When someone does work on a house to improve it, they have special rights to be able to collect the value of that work in California. They can file what is called a “mechanic’s lien” on the property where the work occurred. Mechanic’s liens are valuable because they encourage homeowners to pay for improvements to their home. A lien on a property will generally have to be addressed before the house is sold or refinanced, which increases the likelihood that the contractor will get paid. Liens are also available on commercial properties as well.
A mechanic’s lien gives you the right to start a foreclosure action on the property if the lien goes unpaid after your demand for payment. That makes mechanic’s lien a very useful debt collection tool, sometimes even more so than a judgment after a lawsuit.
In this two-part series, we detail some of the need-to-know information for homeowners and contractors about mechanic’s liens in California.
The Basics: Who Can Assert a Mechanic’s Lien?
Any person who provides work to improve a property can file a mechanic’s lien. The individuals or entities who commonly assert mechanic’s liens include:
- Material suppliers
- Equipment lessors
- Design professionals
The lien attaches to the property that was improved. An “improvement” includes any construction or alteration of the property. It can even include things like planting, leveling, and grading in addition to work directly on a home or another property.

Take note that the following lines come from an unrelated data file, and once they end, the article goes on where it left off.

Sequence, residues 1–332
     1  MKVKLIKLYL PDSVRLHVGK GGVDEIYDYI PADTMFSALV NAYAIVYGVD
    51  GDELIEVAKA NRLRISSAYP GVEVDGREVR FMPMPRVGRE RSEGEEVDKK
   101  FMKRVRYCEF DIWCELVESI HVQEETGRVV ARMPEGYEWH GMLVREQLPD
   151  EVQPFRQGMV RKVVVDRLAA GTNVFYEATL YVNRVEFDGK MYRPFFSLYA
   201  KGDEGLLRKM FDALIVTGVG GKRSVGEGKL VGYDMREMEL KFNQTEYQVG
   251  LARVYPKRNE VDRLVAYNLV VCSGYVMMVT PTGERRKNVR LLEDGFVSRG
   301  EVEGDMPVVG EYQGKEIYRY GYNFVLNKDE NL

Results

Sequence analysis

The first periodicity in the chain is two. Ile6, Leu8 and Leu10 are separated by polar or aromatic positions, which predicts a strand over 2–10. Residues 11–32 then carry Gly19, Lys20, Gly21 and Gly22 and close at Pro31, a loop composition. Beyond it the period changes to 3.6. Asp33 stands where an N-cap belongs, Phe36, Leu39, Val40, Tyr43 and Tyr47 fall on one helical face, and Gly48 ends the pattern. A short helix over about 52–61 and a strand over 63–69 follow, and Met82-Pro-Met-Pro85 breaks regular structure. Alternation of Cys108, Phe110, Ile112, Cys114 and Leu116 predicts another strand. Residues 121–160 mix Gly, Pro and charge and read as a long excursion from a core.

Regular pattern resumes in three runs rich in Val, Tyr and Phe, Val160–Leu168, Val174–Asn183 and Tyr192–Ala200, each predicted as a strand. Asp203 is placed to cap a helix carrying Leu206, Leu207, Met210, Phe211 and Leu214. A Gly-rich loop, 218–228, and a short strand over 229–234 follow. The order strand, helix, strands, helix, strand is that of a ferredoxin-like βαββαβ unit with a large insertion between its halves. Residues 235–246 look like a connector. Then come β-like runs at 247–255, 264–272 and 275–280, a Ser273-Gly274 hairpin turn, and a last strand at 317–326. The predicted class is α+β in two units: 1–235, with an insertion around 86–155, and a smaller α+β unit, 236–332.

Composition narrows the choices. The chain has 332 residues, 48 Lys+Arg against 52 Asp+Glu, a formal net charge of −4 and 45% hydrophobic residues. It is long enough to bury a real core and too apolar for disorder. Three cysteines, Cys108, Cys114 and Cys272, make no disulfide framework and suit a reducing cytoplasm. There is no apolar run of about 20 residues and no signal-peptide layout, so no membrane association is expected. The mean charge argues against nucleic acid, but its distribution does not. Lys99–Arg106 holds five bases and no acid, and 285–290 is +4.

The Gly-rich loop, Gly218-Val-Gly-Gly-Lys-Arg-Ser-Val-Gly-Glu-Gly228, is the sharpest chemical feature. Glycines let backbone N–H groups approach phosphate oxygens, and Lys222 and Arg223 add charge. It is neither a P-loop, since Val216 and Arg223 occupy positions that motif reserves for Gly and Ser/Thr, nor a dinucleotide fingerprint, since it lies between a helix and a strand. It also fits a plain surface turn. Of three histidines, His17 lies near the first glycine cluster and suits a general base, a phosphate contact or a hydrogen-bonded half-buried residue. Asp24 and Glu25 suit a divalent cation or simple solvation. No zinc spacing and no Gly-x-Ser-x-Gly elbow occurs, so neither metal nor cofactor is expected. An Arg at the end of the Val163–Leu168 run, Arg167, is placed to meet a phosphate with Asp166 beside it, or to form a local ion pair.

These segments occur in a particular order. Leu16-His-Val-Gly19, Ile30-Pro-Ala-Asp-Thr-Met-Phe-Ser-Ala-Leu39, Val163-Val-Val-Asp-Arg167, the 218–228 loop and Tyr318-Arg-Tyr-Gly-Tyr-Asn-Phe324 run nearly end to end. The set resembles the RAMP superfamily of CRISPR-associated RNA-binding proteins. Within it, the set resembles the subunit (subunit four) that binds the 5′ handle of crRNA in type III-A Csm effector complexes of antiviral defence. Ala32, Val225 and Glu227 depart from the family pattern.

Notice and Timing Requirements
In 2012, the California legislature revised the mechanic’s lien statute, and many of those revisions dealt with the timing and notice requirements for mechanic’s liens.
For instance, the definition of “completion” of work. The completion date dictates the deadline for when a mechanic’s lien should be filed. Today, the completion date is when the contractor is completely finished with all work or where labor stops for at least 60 consecutive days (or 30 days if the contractor files a notice of cessation). Previously, the date was whenever the homeowner accepted the work, but that is no longer a requirement under the newly revised law. Notices of completion must also be recorded within 15 days after the actual competition of the project.
Additionally, contractors must also file a notice when they start work as well. This notice is often referred to as the “Preliminary 20-Day Notice,” although the official name has changed since the 2012 law changes (but the 20-day time limit still applies). This notice is required to assert a mechanic’s lien. However, this notice is only required to be provided to the property owner if the contractor does not have direct contact with that person, which means that general contractors often do not need to provide this type of notice. Nonetheless, it must be provided to construction lenders and reputed construction lenders, if there are any.
Next time, we will discuss bonds, waivers, and enforcing a mechanic’s lien once it is in place. In the meantime, if you have questions about mechanic’s liens, whether you want to assert one or you need to fight one, give the team at Alder Law a call to discuss your rights and options.